The First Black History Is No Mystery Gala Event honoring Dr. Alvin Poussaint.

 by Adrianne Dillion

On May 4, 1995, Black History Magazine presented its Lifetime Achievement Award to Dr. Alvin Poussaint at a gala celebration and fund raiser at the Four Seasons Hotel. The psychiatrist told a gathering of about 200 people to make noise and demand justice.

A consultant on self-esteem to the Bill Cosby Show, he said that a moral commitment to constructive action was the best way to build pride and boost self-confidence.


Dr. Poussaint is a dean at Harvard Medical School and author of several books about children, race, and urban life.

“We only had 30 days to plan this,” said William Singleton, Jr., Publisher of Black History Magazine. “We had no date, no place, and no money.” But in the month after Dr. Poussaint agreed to accept the award and give the keynote address, the details feel l into place with prayer and a lot of hard work.

Robin Brown, CEO of the Four Seasons Hotel, graciously offered the hotel’s services, and John Harrison served as the hotel’s liaison.

Also, the generous sponsorship of NYNEX, the Department of Public Health, Neighborhood Health Plan, Fleet Bank, Arnold Fortuna Lawnor Cabot, and Boston Edison Company made the evening a success.

Ron Leavell of Main Events, coordinator of Harbor Lights and Stepping Out, the fund raising event for the Dimmock Community Health Center, helped to organize the event. Others involved in the planning were

Monet Glaude (who also served as prayer captain),

Sharon Rowlett,

Bob Moody, Lee Jones,Mukia Gomez Baker, Kevin Macaroy.

Participants in the celebration included

Andre Ward,

gospel singer Dennis Montgomery with the choir of Concord Baptist Church, and 12th Street Baptist Church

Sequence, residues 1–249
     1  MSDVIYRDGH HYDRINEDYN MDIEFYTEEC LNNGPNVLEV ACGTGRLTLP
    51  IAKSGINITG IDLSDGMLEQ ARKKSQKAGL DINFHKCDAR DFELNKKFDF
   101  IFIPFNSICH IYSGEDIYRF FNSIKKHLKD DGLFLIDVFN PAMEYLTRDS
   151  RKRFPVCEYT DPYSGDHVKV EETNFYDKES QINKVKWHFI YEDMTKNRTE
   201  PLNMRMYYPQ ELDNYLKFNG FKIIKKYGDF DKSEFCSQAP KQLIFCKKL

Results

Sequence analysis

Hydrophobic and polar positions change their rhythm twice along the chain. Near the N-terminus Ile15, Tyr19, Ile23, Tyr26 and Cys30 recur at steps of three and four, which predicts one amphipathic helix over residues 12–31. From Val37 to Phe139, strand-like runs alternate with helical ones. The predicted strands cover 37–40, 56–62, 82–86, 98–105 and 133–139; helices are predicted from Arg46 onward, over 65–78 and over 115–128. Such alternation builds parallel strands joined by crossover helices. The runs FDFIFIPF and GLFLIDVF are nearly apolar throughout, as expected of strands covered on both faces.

Wyatt Jackson,

Monet Glaude whose short musical drama “Jack’s World” gave a message about families and self-esteem,

Veronique Smith who sang “Lift Every Voice and Sing” in French and English,


and Roxbury Outreach Shakespeare Experience.

Many notables and community leaders were in attendance,

such as talk show host Christopher Lydon, Fiona Niven (daughter of movie star David Niven),

City Councillor Gareth Sanders,

State Representative Gloria Fox,sponsor of legislation that created the Coimmunity Development Fund Corporation,

Dianne Wilkerson, the first African-American woman to serve in the Massachusetts Senate,

Patricia Long,

Robert Saltonstall,

George Guscott,

Josh Handy,


and T.C. Carson.



“I want to thank Margaret and Elizabeth Singleton, writers, Arthur Seymore, our marketing director, Adrienne Dillon, our managing editor, Brenda and Cesar Martinez who are handling our financial planning, and Barnard Casey who is doing our graphics, and e everyone else who had contributed to the magazine’s growth,” said Singleton.

“We do these events to make people aware of the importance of our history,” said Singleton. “We prize freedom of speech as the foundation of democracy and the best way to make sure that we remain free.

We must challenge the notion that only rich white males can tell stories, can publish, can win the advertising contracts that America has in its coffers for media outlets. This is a testament to freedom of speech.

Everyone is important enough to have their stories told and to be part of the American Dream. We have a story worth knowing. Truth is for everyone. Black history is part of that truth. Black history is for everyone.”

Another gala event is being planned for next spring.



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